Eurosport reports Bettini walked away from a 2 million euro proposal from T-Mobile to re-sign with QuickStep, and that the signing is likely to leave Pozzato looking for a new squad next year. He's been linked to Cofidis, and has said he would like to take teammate Guido Trenti with him.
June 12, 2006
Nuyens takes Suisse Stage 3 and race lead
QuickStep's 26-year-old Nick Nuyens kept the freshest legs in a late-stage breakaway Monday to take the 3rd stage of the Tour de Suisse.
As a teammate of Paolo Bettini, also in the selection, Nuyens didn't work as hard to make the break stick, and easily outkicked T-Mobile's Linus Gerdemann, Astaná-Würth's Jorg Jacksche, and Saunier Duval's Koldo Gil.
T-Mobile's Jan Ullrich was near the front for most of the day, and he, Bettini, Cadel Evans, Frank Schleck, David Canada, Giampaolo Caruso, and the 4 who would break away formed a superstrong group of 10 with about 20 kilometers to ride.
Michael Rasmussen, Bradley McGee, and Robbie McEwen were shelled by the high tempo, and came in around 4 minutes back.
Posted by Frank Steele on June 12, 2006 in Bradley McGee, Cadel Evans, Frank Schleck, Jan Ullrich, Jorg Jaksche, Linus Gerdemann, Michael Rasmussen, Paolo Bettini, Robbie McEwen, Top Stories, Tour de Suisse | Permalink | Comments (0) | TrackBack
June 10, 2006
Tour of Switzerland kicks off today
Cycling4All offers a final Tour de Suisse start list. Of course, Jan Ullrich is the biggest Tour GC threat at the race, starting today, but there are a lot of other Tour players involved.
Top sprinters Tom Boonen and Robbie McEwen are here, and are the favorites for the Tour's green jersey this year. Thousand-time (okay, six-time) green jersey Erik Zabel is here, as well, leading Team Milram.
Others in competition: Michael Rasmussen, Paolo Bettini, Cadel Evans, Fabian Cancellara, Michael Rogers, Oscar Freire, and Bradley McGee.
Web streaming coverage is available from Cycling.TV's premium subscription service, where £19.99, or about $37, gets you a full year of racing. Today and tomorrow, subscribers have both the Dauphiné Libéré and the Tour de Suisse to choose from.
Posted by Frank Steele on June 10, 2006 in Bradley McGee, Cadel Evans, Erik Zabel, Fabian Cancellara, Michael Rasmussen, Michael Rogers, Oscar Freire, Paolo Bettini, Robbie McEwen, Tom Boonen, Tour de Suisse | Permalink | Comments (0)
May 29, 2006
Basso triumphant, anointed Tour favorite
Ivan Basso took the next step in his development as a rider, wrapping up the Giro d'Italia in Milan yesterday. Basso nailed down a dominating 9:18 margin of victory, and became the consensus favorite to win the 2006 Tour.
Gerolsteiner's Robert Forster took the sprint finish to take Stage 21, but Team CSC wasn't letting anything else happen on the stage.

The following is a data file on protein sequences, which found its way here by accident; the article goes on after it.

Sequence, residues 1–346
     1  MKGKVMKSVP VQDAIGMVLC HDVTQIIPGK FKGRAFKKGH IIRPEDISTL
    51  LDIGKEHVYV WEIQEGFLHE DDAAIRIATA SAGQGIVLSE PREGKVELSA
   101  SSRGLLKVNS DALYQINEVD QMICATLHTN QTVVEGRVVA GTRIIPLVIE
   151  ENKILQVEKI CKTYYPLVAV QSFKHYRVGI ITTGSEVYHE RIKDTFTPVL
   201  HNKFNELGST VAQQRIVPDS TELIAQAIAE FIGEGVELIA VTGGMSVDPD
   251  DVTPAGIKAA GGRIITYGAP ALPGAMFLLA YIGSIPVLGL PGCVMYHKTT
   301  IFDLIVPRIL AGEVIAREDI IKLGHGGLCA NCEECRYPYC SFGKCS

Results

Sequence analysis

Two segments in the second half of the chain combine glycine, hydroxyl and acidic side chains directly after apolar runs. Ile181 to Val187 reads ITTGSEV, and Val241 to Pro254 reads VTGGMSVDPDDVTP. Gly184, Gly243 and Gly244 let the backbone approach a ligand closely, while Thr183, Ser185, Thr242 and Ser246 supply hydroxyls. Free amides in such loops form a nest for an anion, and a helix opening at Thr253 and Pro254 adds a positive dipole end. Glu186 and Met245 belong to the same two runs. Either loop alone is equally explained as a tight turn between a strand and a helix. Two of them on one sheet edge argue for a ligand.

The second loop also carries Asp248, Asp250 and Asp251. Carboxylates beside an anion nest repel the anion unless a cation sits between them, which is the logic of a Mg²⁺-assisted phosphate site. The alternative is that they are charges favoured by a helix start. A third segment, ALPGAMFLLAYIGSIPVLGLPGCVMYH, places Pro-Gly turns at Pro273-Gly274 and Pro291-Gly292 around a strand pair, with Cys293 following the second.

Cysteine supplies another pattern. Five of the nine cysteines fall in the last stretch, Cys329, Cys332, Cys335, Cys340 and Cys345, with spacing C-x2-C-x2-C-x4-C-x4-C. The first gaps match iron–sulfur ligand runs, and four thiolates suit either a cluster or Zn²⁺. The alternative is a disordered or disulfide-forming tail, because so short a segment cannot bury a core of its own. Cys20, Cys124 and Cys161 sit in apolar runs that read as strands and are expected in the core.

Gilberto Simoni is still mouthing off about Basso's win in Saturday's Stage 20, when Simoni claims Basso asked for money to let Simoni take the stage win. Basso admits that he convinced Simoni they should ride together on the descent of the Mortirolo, but says the rest of Simoni's story is a fabrication.
The two biggest surprises of the Giro have to be defending champion Paolo Savoldelli's 6th overall and José Enrique Gutierrez taking 2nd.
Juan Manuel Garate takes the climber's jersey, Paolo Bettini both the points jersey and the 110 Gazzetta competition (normally the Intergiro).
Jan Ullrich, who still plans to show up at the start of the Tour July 1, held a press conference Friday night to discuss his Giro exit and his condition after almost 3 weeks of competitive racing. Ullrich says he and director Rudy Pevanage had planned to withdraw Thursday night, but decided that would look “ill-timed” in light of the doping allegations coming out in the Spanish press. With his back hurting on Friday, apparently the result of a strength imbalance between Ullrich's legs, the two decided there was no reason for Ullrich to continue.
On Basso's Giro mastery:
Ullrich: He makes a strong impression. And his CSC team is well-balanced. Ivan is on top of his game. However, I don’t think he will win the Tour. The competition is Italy is distinctively weaker than the one in France. And I want to have a say in it, too. (laughs)
Samuel Abt gives Gutierrez a well-deserved callout, and examines Simoni's comment on Saturday that Basso “seems like an extraterrestrial,” with the connotation that something more than good training habits were responsible for his performance.
Posted by Frank Steele on May 29, 2006 in Gilberto Simoni, Giro d'Italia 2006, Giro d’Italia, Ivan Basso, Jan Ullrich, Paolo Bettini, Paolo Savoldelli, Top Stories | Permalink | Comments (1) | TrackBack
May 26, 2006
Garate takes Stage 19, new papa Basso comfortable in Giro lead